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Shanghai Data Exchange: How China is Set to Outpace US in Data Trade & Technological Competition

© AFP 2021 / Johannes EiseleТелебашная "Восточная жемчужина" в Шанхае в цветах французского флага в память о жертвах парижских терактов
Телебашная Восточная жемчужина в Шанхае в цветах французского флага в память о жертвах парижских терактов - Sputnik International, 1920, 29.11.2021
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The Shanghai Data Exchange (SDE) kicked off trading on 25 November, seeking to build nothing short of a new vast and well-regulated market for data. While the Western mainstream media appear to have largely overlooked the event, some American economists see it as a huge transformative development.
Last Thursday, the Shanghai Data Exchange offered 20 data products covering eight categories, such as finance, transportation, and communication, and including flight information from China Eastern Airlines, and various data from the nation's largest firms, including China Eastern Airlines and telecom operators China Mobile, China Unicom, China Telecom, according the SDE website.
About 100 data traders inked their first transactions during the SDE's first day online, while third-party law firms reached agreements with the exchange to ensure transaction safety. One of the first SDE transactions involved the Shanghai branch of the Industrial and Commercial Bank of China, which concluded a deal to instrumentalise data from the State Grid’s Shanghai Municipal Electric Power Co to help improve its financial products, the South China Morning Post detailed.
Meanwhile, the exchange is more than just a platform as it provides services including data compliance consulting, quality assessment, and asset valuation, with a support system to guarantee the whole process of data trading, according to Global Times.
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The launching of the SDE has prompted some buzz in the press and social media networks with Western MSM seeming to largely neglect the event. However, some netizens argued that the development is far more important than the fuss over the Omicron COVID variant:
"Trading of China Big Data that can have a massive impact on its markets and perhaps international financial markets in the future", tweeted Kevin Wong, a market analyst at CMC Markets SG.
For his part, David Paul Goldman, an American economist and author, suggested in his latest op-ed for Asia Times that the SDE's opening "might be one of the transformational events of the Fourth Industrial Revolution". He further predicts that in the future, efficient markets in data might play a role "as fundamental as markets in capital and land".

"The emergence of an efficient market in data has implications as profound as the founding of the Amsterdam Stock Exchange in 1601, the funding of America’s public debt in 1790, or the financing of the debt of the Napoleonic Wars", claimed the economist.

According to Goldman, China’s initiative is "the world’s first attempt to trade data under established regulations with transparent transactions", which comes in sharp contrast with the West's "questionable (and possibly illegal) data harvesting by tech giants".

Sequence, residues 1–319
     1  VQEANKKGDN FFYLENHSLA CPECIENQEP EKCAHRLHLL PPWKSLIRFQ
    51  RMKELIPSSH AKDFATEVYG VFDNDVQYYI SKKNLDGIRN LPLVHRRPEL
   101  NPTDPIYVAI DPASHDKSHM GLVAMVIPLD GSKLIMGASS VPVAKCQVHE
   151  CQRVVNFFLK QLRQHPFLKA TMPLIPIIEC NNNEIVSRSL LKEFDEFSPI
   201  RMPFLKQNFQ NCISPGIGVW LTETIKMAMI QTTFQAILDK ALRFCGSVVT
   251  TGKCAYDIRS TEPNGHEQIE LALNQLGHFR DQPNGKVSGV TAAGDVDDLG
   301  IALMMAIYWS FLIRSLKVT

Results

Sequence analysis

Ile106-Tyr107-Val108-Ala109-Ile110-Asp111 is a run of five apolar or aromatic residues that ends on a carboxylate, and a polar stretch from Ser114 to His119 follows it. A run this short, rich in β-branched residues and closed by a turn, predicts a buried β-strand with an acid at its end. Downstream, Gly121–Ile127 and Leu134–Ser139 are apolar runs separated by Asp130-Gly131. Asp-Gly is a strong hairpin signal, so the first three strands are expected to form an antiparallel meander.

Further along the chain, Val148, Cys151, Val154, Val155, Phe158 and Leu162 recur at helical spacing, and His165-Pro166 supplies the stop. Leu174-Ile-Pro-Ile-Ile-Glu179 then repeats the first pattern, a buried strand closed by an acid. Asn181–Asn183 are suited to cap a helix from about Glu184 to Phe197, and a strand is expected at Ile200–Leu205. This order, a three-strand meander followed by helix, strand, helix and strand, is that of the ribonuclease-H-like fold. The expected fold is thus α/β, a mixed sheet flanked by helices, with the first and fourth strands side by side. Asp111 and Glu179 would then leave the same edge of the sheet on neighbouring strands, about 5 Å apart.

The American economist bemoaned the fact that while there is an enormous market for data in the West, the regulatory environment for data "is almost nonexistent".
Meanwhile, China’s draft Data Security Law "signals an intent to create and regulate domestic markets for 'data transactions'", the National Bureau of Asian Research (NBR), a US think tank, noted in August 2021.
A Chinese yuan sign is seen at a currency exchange shop in Hong Kong, Tuesday, Aug. 11, 2015. China devalued its tightly controlled currency Tuesday following a slump in trade, allowing the yuan's biggest one-day decline in a decade. (AP Photo/Vincent Yu) - Sputnik International, 1920, 12.04.2021
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According to the think tank, the draft law introduces a national data classification system which categorises data "according to the degree of importance to economic and social development; and according to impact on national security, the public interest, or the lawful rights and interests of citizens or organisations".
Having added "data" to land, labour, capital, and technology as a new factor of production, the Chinese leadership demonstrated that it sees data as a main driver for the future economy.

"As the United States and China increasingly see technological competition as a defining feature of their relationship, the evolution of data in Chinese strategic planning provides a window into how China aims to win that contest", suggested the NBR's Lindsay Gorman.

However, the SDE is not the only data exchange in China: since 2015, the People's Republic has set up more than 10 data exchanges in many provinces, including Beijing, Southwest China's Guizhou, and Central China's Hubei, according to Global Times.
On 1 November 2021, China officially applied to join the Digital Economy Partnership Agreement, an international trade agreement to facilitate digital trade and create a framework for the digital economy. Global Times argues that the evolving international partnership will help promote global innovation and sustainable development with China emerging as "a leader in international data trading".
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